key human features, including: city, town, village, factory, farm, house, office, port, harbour and shop


Geographical Skills and Fieldwork

  • to use world maps, atlases and globes to identify the United Kingdom and its countries, as well as the countries, continents and oceans studied at this key stage

  • to use simple compass directions (North, South, East and West) and locational and directional language (e.g. near and far; left and right) to describe the location of features and routes on a map

  • to use aerial photographs and plan perspectives to recognise landmarks and basic human and physical features; devise a simple map; and use and construct basic symbols in a key

  • to use simple fieldwork and observational skills to study the geography of their school and its grounds and the key human and physical features of its surrounding environment.

Key Stage 2

Pupils should extend their knowledge and understanding beyond the local area to include the United Kingdom and Europe, North and South America. This will include the location and characteristics of a range of the world’s most significant human and physical features. They should develop their use of geographical tools and skills to enhance their locational and place knowledge. Pupils will be taught:


Location Knowledge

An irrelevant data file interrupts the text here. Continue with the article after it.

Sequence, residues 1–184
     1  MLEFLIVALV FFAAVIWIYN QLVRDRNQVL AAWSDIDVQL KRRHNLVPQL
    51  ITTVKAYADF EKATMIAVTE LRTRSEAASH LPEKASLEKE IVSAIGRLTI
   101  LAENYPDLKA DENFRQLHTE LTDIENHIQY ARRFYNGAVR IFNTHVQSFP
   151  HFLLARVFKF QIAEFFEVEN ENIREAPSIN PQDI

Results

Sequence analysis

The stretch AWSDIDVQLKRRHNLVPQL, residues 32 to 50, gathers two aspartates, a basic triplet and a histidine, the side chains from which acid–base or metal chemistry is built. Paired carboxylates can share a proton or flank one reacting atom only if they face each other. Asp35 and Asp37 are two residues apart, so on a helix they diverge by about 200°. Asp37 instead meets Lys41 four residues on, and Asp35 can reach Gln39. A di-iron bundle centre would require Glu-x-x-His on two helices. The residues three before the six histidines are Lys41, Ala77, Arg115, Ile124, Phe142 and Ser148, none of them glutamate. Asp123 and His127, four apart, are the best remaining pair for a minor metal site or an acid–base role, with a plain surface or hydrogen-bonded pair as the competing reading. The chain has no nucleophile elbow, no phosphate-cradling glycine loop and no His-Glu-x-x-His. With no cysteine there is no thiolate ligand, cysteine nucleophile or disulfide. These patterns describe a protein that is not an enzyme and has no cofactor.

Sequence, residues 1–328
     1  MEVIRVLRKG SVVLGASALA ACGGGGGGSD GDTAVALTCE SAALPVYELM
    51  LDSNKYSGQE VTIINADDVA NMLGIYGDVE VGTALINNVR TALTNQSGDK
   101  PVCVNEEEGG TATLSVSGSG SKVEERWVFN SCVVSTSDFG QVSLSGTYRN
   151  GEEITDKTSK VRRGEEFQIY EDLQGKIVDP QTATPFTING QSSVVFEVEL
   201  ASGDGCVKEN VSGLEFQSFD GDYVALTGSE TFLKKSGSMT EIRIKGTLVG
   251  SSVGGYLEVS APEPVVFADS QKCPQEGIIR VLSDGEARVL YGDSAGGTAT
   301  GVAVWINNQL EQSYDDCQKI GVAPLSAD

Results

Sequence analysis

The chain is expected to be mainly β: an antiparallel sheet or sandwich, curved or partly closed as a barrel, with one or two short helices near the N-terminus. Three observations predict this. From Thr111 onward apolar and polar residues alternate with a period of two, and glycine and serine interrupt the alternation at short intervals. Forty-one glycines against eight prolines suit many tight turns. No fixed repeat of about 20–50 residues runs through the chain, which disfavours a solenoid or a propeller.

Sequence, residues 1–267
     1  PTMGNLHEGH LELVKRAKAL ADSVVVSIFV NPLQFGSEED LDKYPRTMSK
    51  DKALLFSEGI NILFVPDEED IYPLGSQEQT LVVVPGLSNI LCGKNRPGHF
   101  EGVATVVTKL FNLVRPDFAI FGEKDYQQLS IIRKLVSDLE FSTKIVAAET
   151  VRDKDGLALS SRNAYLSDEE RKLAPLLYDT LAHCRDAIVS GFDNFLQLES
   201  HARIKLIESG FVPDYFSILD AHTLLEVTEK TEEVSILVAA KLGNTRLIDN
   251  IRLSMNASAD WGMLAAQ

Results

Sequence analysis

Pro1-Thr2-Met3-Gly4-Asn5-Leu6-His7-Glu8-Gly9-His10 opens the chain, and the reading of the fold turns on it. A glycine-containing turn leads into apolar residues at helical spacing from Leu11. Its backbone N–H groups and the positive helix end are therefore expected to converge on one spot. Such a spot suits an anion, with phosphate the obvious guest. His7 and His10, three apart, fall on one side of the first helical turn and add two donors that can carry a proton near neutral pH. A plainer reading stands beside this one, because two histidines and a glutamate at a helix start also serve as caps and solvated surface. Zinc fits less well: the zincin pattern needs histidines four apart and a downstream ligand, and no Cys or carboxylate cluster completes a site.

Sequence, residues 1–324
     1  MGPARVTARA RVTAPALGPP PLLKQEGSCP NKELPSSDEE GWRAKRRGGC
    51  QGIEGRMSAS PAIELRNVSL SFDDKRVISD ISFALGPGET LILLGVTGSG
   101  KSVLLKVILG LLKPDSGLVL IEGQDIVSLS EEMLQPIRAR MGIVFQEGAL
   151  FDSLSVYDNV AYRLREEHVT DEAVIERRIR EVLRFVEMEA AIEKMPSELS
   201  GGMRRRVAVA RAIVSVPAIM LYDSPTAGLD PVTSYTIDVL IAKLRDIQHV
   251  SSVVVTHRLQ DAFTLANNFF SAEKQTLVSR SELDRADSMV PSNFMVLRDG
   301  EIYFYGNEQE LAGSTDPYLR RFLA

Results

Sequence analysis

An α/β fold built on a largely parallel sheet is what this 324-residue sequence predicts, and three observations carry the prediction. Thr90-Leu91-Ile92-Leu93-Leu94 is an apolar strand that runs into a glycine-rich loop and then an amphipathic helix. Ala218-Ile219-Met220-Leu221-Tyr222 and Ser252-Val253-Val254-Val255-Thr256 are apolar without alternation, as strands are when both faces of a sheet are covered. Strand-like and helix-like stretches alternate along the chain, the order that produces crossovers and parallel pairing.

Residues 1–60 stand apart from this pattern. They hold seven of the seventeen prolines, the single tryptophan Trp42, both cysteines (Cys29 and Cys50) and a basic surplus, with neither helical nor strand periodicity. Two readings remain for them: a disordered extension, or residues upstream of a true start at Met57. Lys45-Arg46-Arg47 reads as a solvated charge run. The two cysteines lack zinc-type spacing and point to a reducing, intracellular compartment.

• to locate the world’s countries, using maps to focus on Europe (including the location of Russia) and North and South America, concentrating on their environmental regions, key physical and human characteristics, countries, and major cities

  • to name and locate counties and cities of the United Kingdom, geographical regions and their identifying human and physical characteristics, key topographical features (including hills, mountains, coasts and rivers), and land-use patterns; and understand how some of these aspects have changed over time

  • to identify the position and significance of latitude, longitude, Equator, Northern Hemisphere, Southern Hemisphere, the Tropics of Cancer and Capricorn, Arctic and Antarctic


Place Knowledge

  • to understand geographical similarities and differences through the study of human and physical geography of a region of the United Kingdom, a region in a European country, and a region within North or South America


Human and Physical Geography

  • to describe and understand key aspects of:

    physical geography, including: climate zones, biomes and vegetation belts, rivers, mountains, volcanoes and earthquakes, and the water cycle

    human geography, including: types of settlement and land use, economic activity including trade links, and the distribution of natural resources including energy, food, minerals and water


Geographical Skills and Fieldwork

  • to use maps, atlases, globes and digital/computer mapping to locate countries and describe features studied

  • to use the eight points of a compass, four and six-figure grid references, symbols and key (including the use of Ordnance Survey maps) to build their knowledge of the United Kingdom and the wider world

  • to use fieldwork to observe, measure and record the human and physical features in the local area using a range of methods, including sketch maps, plans and graphs, and digital technologies.